[vc_row][vc_column][vc_column_text]By Paul Hirsch, Senior Technology Strategist
Did you know that there are already more networked devices than people? Did you know that it is projected that by 2020 there will be eight times more networked devices than people? IoT is a HUGE market! Wait, soooooo…. what IS IoT? As with cloud, IoT represents a lot of really useful technologies grouped with a comically vague buzzword. Examples of devices in the IoT category include:
- Your Internet connected printer
- Your Internet connected game console or video streaming device
- Your Internet connected thermostat
- Your Internet connected security camera
- Your Internet connected baby monitor
- Your Internet connected car
- Your Internet connected Internet connection device
- Your Internet connected house robot “Jerry”
- All Internet connected devices produced by Cyberdyne systems, which will gain consciousness on August 29th, 1997 at 2:14 a.m. ET (*They are running a bit behind schedule, but you will know when it happens cause Jerry will be a real jerk)
Can you spot the subtle common thread? Yes: “Internet” (“Cloud” is implied as well, since many of these connect to a cloud service.) With great connectivity comes great responsibility, but many IoT products have fallen into the same traps that servers, PCs, and smart phones have before them. Some of the problems are built in by the manufacturers, but others are caused by customers. Recognize any of these classics?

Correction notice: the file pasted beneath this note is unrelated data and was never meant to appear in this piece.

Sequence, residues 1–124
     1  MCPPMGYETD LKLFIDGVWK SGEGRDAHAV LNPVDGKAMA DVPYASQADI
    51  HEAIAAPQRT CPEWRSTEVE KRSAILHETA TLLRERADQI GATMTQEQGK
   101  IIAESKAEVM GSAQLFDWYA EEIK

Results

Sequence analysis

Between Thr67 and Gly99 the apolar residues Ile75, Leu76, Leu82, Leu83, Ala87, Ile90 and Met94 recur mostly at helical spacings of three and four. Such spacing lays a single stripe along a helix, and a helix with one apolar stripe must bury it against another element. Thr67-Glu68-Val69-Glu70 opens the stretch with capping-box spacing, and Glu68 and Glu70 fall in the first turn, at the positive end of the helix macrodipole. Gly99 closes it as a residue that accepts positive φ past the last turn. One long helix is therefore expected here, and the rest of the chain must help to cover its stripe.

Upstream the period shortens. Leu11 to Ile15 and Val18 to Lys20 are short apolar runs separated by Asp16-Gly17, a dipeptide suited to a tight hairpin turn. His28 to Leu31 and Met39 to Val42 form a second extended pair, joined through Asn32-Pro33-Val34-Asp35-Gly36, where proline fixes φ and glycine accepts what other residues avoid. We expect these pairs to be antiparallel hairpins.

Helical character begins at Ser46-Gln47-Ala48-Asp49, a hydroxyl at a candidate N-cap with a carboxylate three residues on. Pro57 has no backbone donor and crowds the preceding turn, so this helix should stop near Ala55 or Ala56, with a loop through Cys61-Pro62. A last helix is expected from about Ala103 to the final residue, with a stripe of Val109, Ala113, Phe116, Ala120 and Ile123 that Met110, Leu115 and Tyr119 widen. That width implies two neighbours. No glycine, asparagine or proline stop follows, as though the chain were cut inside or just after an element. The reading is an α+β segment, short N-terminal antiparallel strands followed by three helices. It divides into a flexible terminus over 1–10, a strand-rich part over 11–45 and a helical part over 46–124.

- “I depend on THING for my very existence, so I bought the cheapest WiFi access point I could find, used an Ethernet hub I fished out of a dumpster, and connected everything with Cat1D.” (D is for duct tape)
- “The security of THING is critical, so I didn’t change the default password. Also, what is a ‘Firewall’?”
- “I care about being a good Internet citizen, so I have never and will never update the software on THING.”
- “THING makes me complete and has lights and stuff. I will sell my arm for a new THING. I will not spend a dime on a UPS to keep THING from being fried by lightning.”
Sounds like the same list when dealing with computers, right? That is because IoT devices are just computers. They usually run a Linux derivative or one of a handful of real time commercial operating systems. On that base they add some custom software, sometimes written with little thought given to safe programming practice or basic information security. Then they spit out thousands of them to sit on unprotected networks, never get updated, and generally be neglected. In some cases they are politely asked (using default usernames and passwords) to join a botnet, later being used to help carry out massive DDoS (Distributed Denial of Service) attacks like the multiple record setting DDoS attacks carried out by Mirai botnet controlled cameras in the last months.